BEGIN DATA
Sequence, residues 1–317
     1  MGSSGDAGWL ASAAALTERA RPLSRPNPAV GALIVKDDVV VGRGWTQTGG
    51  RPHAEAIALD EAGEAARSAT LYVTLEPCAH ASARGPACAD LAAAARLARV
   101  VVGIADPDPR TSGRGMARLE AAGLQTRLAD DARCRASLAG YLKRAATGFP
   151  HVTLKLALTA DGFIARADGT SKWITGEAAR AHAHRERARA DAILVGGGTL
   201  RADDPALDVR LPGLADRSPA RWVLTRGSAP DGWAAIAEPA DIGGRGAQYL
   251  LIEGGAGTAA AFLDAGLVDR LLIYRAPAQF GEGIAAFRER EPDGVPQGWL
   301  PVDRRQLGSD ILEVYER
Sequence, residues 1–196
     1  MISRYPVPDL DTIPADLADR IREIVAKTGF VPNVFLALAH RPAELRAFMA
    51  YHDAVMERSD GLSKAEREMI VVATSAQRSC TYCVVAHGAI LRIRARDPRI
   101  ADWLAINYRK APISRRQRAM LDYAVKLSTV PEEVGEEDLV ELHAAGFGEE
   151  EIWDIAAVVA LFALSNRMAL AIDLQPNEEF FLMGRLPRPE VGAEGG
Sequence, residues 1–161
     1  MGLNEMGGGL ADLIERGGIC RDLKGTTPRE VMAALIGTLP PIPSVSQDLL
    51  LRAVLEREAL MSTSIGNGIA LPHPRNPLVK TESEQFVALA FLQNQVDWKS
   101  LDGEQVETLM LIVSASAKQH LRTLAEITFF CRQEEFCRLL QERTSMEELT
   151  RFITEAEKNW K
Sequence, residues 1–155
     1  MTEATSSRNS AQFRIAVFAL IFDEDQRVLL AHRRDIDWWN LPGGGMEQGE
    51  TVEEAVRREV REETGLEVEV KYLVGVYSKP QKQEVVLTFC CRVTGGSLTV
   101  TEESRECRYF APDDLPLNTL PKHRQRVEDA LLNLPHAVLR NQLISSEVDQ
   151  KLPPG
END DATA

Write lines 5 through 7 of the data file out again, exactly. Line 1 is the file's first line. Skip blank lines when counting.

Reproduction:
   151  HVTLKLALTA DGFIARADGT SKWITGEAAR AHAHRERARA DAILVGGGTL
   201  RADDPALDVR LPGLADRSPA RWVLTRGSAP DGWAAIAEPA DIGGRGAQYL
   251  LIEGGAGTAA AFLDAGLVDR LLIYRAPAQF GEGIAAFRER EPDGVPQGWL